Interior designers have pet peeves, too: Here are the trends that tire them

Atlanta designers offer their options to overused decor choices.
Use pops of color to enliven a neutral color palette, says interior designer Amber Guyton. Photo: Courtesy of Blessed Little Bungalow / Brittany Bah Photography

Credit: Brittany Bah Photography

Combined ShapeCaption
Use pops of color to enliven a neutral color palette, says interior designer Amber Guyton. Photo: Courtesy of Blessed Little Bungalow / Brittany Bah Photography

Credit: Brittany Bah Photography

Credit: Brittany Bah Photography

There is no denying that trends are as present in interior design as they are in fashion or food.

Styles come and go, and sometimes it’s hard for homeowners to know what will be the popcorn ceilings and linoleum floors of tomorrow.

But interior designers are in the design trenches. As a result, they are often the first ones to see when a trend is coming dangerously close to being overplayed or when something that once looked rare and chic is now ubiquitous.

Designer Phoebe Howard, who has offices in Atlanta, Jacksonville and Charlotte, ticks off a list of overused interior design features she’d like to see less of: sunburst mirrors, curved sofas and framed intaglios, or engraved prints.

She’s not the only one with a list of design pet peeves.

Here are three Atlanta-based interior designers, weighing in on trends they see as nearing their sell-by date and then offering up alternatives.

Erika Hollinshead Ward

Too much farmhouse

“The home that’s completely done in the farmhouse style feels appropriate on a farm, but misplaced in the middle of the city,” said Ward of Erika Ward Interiors.

Try this instead: Use shiplap paneling, or long wood planks, on just one accent wall for more dramatic impact.

Cold gray interiors

“I feel like warm whites and beiges and anything that shows signs of life is kind of what we need right now to boost our moods,” Ward said.

Try this instead: If you absolutely love gray, add warm metallic accents to breathe life back into a room.

Credit: Robert Peterson / Rustic White I

Credit: Robert Peterson / Rustic White I

Too much glam

“Overly glam spaces — I just think they look cheap,” Ward said. “And you have so many reflective surfaces that … it starts to feel like a funhouse.”

Try this instead: Keep the sparkle and glamour in a room through lighting and possibly a couple of accent chairs.

All-white interiors

“They feel sterile, unapproachable, and they’re difficult to maintain,” Ward said. “Your house ends up feeling like a museum.”

Try this instead: Paint your walls white but add bold color, like large-scale artwork.

Credit: Robert Peterson / Rustic White Interiors

Credit: Robert Peterson / Rustic White Interiors

Amber Guyton

All neutrals

“I’m over the Restoration Hardware all black, white and beige look. This trend isn’t practical for most households and lacks character and visual interest,” said Guyton of Blessed Little Bungalow.

Try this instead: Don’t be afraid to add subtle pops of color to mix in with the neutrals, creating contrast and vibrancy.

Functionless knickknacks

“When accessorizing your space, skip the typical Tom Ford book and excessive knickknacks from HomeGoods that serve zero purpose,” Guyton said.

Try this instead: Add functional items, heirlooms, books, picture frames and items that are meaningful and provide inspiration. Accessorizing is a marathon, not a sprint. It’s OK to use different items over time on surfaces and bookshelves.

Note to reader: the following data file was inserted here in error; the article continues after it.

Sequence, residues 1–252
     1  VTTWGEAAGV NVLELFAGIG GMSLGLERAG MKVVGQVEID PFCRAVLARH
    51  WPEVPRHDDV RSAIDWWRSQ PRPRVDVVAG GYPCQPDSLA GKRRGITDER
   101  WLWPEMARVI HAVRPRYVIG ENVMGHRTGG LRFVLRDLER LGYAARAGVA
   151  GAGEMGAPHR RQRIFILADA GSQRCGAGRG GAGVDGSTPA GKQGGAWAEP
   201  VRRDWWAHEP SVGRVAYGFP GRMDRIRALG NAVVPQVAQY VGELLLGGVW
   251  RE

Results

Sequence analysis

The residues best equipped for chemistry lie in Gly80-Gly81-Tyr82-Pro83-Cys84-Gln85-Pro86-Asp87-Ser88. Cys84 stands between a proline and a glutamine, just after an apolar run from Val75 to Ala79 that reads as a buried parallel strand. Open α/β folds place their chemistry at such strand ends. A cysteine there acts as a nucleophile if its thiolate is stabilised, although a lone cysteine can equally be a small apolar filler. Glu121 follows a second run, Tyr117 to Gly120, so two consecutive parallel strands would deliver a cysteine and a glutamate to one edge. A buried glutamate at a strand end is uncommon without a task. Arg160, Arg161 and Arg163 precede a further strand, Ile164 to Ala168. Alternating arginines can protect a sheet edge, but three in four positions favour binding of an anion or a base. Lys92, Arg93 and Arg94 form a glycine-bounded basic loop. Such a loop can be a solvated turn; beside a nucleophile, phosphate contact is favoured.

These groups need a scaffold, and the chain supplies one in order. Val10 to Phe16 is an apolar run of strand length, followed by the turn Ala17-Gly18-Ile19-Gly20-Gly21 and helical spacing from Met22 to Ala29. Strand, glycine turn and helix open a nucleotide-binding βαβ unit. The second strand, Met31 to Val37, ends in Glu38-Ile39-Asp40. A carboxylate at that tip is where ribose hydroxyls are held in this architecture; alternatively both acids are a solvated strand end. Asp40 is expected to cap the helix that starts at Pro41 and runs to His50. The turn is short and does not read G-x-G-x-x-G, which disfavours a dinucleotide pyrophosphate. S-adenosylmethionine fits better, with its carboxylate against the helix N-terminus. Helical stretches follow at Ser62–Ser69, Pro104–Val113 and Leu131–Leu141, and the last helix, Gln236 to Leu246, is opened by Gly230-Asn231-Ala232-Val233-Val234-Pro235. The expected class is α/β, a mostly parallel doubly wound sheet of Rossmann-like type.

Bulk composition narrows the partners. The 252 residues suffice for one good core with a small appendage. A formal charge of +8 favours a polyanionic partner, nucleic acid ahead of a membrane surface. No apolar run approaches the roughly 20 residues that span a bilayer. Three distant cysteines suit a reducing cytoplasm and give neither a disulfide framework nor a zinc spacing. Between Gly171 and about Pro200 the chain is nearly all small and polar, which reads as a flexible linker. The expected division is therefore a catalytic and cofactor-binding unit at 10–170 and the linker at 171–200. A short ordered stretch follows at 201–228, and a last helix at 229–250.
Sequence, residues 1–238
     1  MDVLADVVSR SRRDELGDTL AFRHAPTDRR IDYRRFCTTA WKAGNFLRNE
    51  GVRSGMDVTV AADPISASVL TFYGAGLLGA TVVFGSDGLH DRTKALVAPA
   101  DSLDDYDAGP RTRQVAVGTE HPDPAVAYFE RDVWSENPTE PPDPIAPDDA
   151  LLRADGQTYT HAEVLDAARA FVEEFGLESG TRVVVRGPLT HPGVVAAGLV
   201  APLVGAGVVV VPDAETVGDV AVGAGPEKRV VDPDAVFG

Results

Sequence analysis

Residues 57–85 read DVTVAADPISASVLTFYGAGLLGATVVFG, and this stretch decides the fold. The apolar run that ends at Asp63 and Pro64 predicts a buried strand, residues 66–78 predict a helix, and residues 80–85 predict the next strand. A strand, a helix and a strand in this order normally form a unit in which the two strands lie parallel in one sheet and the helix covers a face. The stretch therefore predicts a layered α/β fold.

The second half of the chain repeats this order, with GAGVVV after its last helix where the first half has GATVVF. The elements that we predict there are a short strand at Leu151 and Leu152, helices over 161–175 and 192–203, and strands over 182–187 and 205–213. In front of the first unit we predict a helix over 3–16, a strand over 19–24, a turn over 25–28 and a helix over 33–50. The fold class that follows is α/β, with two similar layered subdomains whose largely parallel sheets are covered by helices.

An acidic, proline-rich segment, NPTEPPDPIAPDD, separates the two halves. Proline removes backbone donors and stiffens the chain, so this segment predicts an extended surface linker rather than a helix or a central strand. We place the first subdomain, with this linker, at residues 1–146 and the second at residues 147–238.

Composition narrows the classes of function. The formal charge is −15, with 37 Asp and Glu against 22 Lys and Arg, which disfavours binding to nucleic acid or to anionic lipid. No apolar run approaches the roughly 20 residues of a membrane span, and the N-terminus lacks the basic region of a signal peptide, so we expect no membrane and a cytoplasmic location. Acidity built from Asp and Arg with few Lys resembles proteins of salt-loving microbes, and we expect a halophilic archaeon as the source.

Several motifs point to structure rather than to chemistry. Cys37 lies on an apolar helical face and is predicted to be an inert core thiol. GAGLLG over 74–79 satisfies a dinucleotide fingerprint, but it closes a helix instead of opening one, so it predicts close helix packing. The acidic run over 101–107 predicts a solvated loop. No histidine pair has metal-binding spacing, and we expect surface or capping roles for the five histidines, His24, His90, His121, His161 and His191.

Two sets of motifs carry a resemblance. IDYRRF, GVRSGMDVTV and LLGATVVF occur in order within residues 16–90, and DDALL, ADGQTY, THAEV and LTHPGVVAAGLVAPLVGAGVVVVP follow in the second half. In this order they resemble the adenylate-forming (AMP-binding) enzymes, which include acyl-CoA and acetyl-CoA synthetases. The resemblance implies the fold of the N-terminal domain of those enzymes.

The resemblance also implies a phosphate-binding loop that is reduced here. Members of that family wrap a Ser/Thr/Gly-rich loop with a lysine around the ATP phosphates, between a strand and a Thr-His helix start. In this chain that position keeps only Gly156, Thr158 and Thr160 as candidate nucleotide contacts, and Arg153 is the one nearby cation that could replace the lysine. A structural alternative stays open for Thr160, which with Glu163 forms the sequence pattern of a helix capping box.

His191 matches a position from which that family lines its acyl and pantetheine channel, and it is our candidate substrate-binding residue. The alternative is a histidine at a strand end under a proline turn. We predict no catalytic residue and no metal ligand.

Credit: Brittany Bah Photography

Credit: Brittany Bah Photography

Michael Habachy

Shiny and new

“Everything doesn’t have to be perfect. I am trying my best to educate my clients that not everything has to be pristine, polished and brand new. Contemporary doesn’t equate to perfection,” said Habachy of Habachy Designs. “Embrace what is perfectly imperfect.”

Try this instead: Embrace the beauty of imperfections and the philosophy of wabi-sabi, a Japanese aesthetic of embracing imperfection and transience. For decorative lighting and plumbing fixtures, select unlacquered metals such as brass or bronze that age and take on a patina over time.

The ’80s resurgence

“I’m not a fan of the resurgence from the ’80s, particularly the Memphis design style from that period,” Habachy said. “I already lived through it once, and I didn’t really care for it even back then. I like incorporating bold statement pieces, but I do it with more restraint.”

Try this instead: Accent with two to three complementary colors, at most, in a space and combine them with neutrals. Bold shapes should be used in moderation and placed in a more balanced fashion.

Credit: Galina Juliana

Credit: Galina Juliana

Tile countertops

“This was a thing in the ’60s and ’70s and seems to have made a comeback,” Habachy said. “I don’t think this is ever a great idea because the grooves of the grout are the perfect opportunity for dirty residue to collect.”

Try this instead: Opt for natural stone countertops as a first choice. If budget is a factor, there are lots of options such as quartz, sintered stone and porcelain.

Credit: Courtesy of Habachy Designs

Credit: Courtesy of Habachy Designs


“Shiplap seems like the go-to for every spec builder out there. It’s clearly a simple and cost-effective solution,” Habachy said. “But in my opinion, it’s getting very tired.”

Try this instead: Other dimensional surfaces can add visual interest to walls such as reeded wall panels, slatted wood panels, textured wall coverings and applied moldings.

Credit: Galina Juliana

Credit: Galina Juliana

Felicia Feaster is a longtime lifestyle and design editor who spent 11 years covering gardening, interior design, trends and wellness for Felicia is a contributor to and has been interviewed as a design expert by The New York Times, Forbes and the Associated Press.

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